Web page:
comments on the draft - 2

Peter Constable petercon at
Tue Jun 8 09:22:34 CEST 2004

Some further comments:

Section 2.3:

Item 3 after par. 3:

   3.  When a language has both an ISO 639-1 2-character code and an ISO
       639-2 3-character code, you MUST use the ISO 639-1 2-character

I might have suggested before that we should enumerate the precise,
fixed list of 2-character ISO 639-1 IDs that should be allowed in an
appendix. These would consist of those that exist at present. This will
remove any possible concern that a 2-character ID will be added at some
point to ISO 639-1 where a 3-character ID previously existed in ISO
639-2. There has been reference to a "freeze", but I consider it a not
so great idea to have stability of this protocol dependent on another
standard being unnecessarily constrained, and inappropriate to expect
that that standard should be unnecessarily limited in its ability to
meet the need of some users because of concerns that lie within a
different, consuming protocol.

This would mean removing the length NOTE after point 6 (which, while
carried forward from RFC 3066, I realize, is problematic IMO in that it
is presented as a quotation yet has no source reference).

Item 4 after par 3:

       NOTE: At present
       all languages that have both kinds of 3-character code also are
       assigned a 2-character code, and the displeasure of developers
       about the existence of two different code sets has been
       adequately communicated to ISO. So this situation will hopefully
       not arise.

This is a provoking comment that isn't really necessary. The 22 cases of
differences had a history, the members of the ISO 639 Joint Advisory
Committee has for some time been aware of the undesirability of such
differences, and did not need the authors to be informed by anyone
regarding the displeasure of developers to determine that they do not
want to create any new such cases. I would simply say,

NOTE: At present, all languages that have distinct "B" and "T" 
identifiers in ISO 639-2 are also assigned a 2-character identifier
in ISO 639-1. It is unlikely that a situation will arise in which 
distinct "T" and "B" ISO 639-2 identifiers exist but no 2-character
identifier exists, but should such a situation arise, it will be
clear which must be used.

Section 2.4, par 4: There appears to be ambiguous usage of "tag" between
the meanings 'a symbolic identifier as defined in this specification'
and 'a declaration of linguistic properties of information objects'.
Specifically, some of the bullet points seem to refer to multiple values
as a "tag":

   The relationship between the tag and the information it relates to...

   o  For a single information object, it could be taken as the set of

   o  For an aggregation of information objects, it should be taken as
      the set of languages...

   o  For information objects whose purpose is to provide alternatives,
      the set of tags associated with it should be regarded as a hint
      that the content is provided in several languages, and that one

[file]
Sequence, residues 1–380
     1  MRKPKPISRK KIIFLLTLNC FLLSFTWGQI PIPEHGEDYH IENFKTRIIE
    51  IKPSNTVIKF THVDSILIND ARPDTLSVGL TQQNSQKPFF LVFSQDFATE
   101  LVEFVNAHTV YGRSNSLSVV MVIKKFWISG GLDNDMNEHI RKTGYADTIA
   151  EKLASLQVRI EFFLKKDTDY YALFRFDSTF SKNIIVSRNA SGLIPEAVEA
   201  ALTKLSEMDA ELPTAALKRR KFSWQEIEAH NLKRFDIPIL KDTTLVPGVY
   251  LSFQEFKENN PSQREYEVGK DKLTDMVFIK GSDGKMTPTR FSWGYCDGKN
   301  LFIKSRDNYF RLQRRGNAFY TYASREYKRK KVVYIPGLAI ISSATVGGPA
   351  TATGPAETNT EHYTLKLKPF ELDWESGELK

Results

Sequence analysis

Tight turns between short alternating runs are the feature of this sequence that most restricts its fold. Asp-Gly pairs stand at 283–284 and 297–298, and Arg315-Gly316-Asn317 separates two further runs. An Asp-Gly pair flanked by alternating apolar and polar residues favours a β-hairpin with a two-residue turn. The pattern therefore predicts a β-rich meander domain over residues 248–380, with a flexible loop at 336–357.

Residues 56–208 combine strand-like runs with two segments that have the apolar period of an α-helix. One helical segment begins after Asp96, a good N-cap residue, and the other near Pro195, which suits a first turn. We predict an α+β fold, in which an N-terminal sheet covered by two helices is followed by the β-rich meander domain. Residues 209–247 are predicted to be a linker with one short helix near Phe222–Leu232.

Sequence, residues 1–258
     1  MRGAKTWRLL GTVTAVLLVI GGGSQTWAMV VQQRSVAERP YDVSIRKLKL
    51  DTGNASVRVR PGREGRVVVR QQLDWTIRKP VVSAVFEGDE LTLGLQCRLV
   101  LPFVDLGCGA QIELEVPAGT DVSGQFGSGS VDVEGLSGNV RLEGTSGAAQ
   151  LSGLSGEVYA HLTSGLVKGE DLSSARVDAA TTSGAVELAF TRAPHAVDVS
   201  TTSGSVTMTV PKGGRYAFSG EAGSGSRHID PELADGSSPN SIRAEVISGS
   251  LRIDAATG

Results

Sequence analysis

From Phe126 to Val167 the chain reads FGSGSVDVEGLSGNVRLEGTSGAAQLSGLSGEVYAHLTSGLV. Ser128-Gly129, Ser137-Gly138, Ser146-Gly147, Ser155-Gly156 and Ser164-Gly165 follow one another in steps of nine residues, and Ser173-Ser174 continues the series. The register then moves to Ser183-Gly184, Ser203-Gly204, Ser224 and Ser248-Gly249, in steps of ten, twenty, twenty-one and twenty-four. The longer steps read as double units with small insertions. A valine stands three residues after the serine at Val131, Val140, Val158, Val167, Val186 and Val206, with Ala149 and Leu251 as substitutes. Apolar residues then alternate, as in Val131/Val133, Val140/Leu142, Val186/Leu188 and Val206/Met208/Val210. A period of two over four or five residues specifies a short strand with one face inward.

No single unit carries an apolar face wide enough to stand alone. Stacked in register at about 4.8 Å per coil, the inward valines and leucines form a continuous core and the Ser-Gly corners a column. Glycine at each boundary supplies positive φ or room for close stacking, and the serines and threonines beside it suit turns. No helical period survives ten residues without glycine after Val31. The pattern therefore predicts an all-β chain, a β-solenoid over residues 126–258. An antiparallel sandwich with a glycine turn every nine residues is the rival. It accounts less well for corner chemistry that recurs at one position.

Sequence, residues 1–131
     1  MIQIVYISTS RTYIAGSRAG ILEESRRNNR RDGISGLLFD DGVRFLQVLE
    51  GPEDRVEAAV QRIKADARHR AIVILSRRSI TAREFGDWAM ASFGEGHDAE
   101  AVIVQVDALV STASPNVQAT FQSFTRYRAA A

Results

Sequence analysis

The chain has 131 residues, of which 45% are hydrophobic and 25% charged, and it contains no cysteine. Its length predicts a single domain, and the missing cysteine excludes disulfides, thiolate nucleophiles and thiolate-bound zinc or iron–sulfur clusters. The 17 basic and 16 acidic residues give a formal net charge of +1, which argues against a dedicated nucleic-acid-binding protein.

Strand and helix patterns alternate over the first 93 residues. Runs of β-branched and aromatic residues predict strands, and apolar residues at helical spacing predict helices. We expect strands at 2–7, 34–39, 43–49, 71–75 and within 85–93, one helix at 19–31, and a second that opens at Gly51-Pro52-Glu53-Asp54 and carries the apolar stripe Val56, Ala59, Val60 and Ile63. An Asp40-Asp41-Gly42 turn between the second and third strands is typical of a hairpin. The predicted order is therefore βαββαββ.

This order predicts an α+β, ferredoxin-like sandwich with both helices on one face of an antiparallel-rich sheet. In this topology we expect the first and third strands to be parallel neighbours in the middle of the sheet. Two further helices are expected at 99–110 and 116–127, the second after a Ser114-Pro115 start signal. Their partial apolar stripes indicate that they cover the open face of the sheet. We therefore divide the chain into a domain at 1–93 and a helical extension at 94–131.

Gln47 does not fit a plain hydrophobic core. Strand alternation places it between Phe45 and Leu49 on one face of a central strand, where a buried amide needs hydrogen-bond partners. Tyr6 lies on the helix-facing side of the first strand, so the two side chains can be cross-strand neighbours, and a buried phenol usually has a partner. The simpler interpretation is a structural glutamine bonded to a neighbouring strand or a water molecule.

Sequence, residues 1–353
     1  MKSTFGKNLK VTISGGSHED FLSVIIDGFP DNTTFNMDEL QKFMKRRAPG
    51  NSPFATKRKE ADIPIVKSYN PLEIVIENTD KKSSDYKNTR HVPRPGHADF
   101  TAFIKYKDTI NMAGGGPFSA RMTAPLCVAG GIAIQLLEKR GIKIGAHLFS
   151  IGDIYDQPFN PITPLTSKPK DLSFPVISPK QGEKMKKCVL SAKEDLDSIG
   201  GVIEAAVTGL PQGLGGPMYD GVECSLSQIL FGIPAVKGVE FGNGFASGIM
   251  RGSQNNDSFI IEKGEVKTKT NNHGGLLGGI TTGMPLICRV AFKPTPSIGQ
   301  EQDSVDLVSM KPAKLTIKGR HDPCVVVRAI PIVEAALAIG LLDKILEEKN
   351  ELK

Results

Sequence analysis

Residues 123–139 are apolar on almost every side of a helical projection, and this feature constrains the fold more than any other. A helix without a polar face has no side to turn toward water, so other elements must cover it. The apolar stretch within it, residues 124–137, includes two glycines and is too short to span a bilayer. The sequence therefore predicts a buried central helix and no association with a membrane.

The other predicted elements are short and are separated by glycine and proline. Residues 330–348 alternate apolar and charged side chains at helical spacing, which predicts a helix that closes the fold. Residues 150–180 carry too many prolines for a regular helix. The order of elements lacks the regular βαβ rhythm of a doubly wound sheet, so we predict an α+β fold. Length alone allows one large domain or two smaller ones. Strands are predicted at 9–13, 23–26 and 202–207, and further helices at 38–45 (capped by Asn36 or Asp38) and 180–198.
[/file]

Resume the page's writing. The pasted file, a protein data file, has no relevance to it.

has to inspect each of the alternatives in order to find its
      language or languages. In this case, a tag with multiple

A tag as defined in this RFC cannot denote multiple languages (unless it
uses a collective ID from ISO 639-2 -- but I don't think that's what was
in mind).

Again, I know this was carried forward from the previous RFC (so I
should have caught it when I was reviewing the draft for that five years

Section 2.4.1, par 1: Wording could be tightened up (is a language range
a set or a symbol?). 

   A Language Range is a set of languages whose tags all begin with the
   same sequence of subtags. The following definition of language-range
   is derived from HTTP/1.1 [14].

      language-range = language-tag / "*"

What's given in the rule is not a definition but a grammar. The opening
sentence contains a definition, but the definition describes something
other than the thing produced by the grammar (one's a set of languages,
the other is a set of formal-language sentences). Here's a suggested

   A Language Range is a set of languages whose tags all begin with the
   same sequence of subtags. A given language range can be represented
   the sequence of subtags that is common to the languages in the given 
   set. The specification for language-range tags is as follows, taken 
   from HTTP/1.1 [14].

      language-range = language-tag / "*"

2.4.3: Is this saying that extensions should be put into alphabetical
order when *generating* tags, or when *comparing* tags? 

Also, in par 3, it says "... is correctly ordered...": is "correctly"
the appropriate word here, or is "canonically" better? The bottom line
is *can* I tag data or send a request using (e.g.)
"en-B-ext3-ext2-A-ext1"? Does the RFC permit me to do so or not? 

3.1: Re the registration form: Is there some IETF policy that restricts
us to ask only for the native name of a language *transcribed into

3.2, par 4: Will tags like "zh-Hant" and "en-boont" be marked as
*obsoleted* or *superceded*? Here you say "obsoleted"; back in section
2.2.1 you said "superceded".

All for now.

Peter Constable

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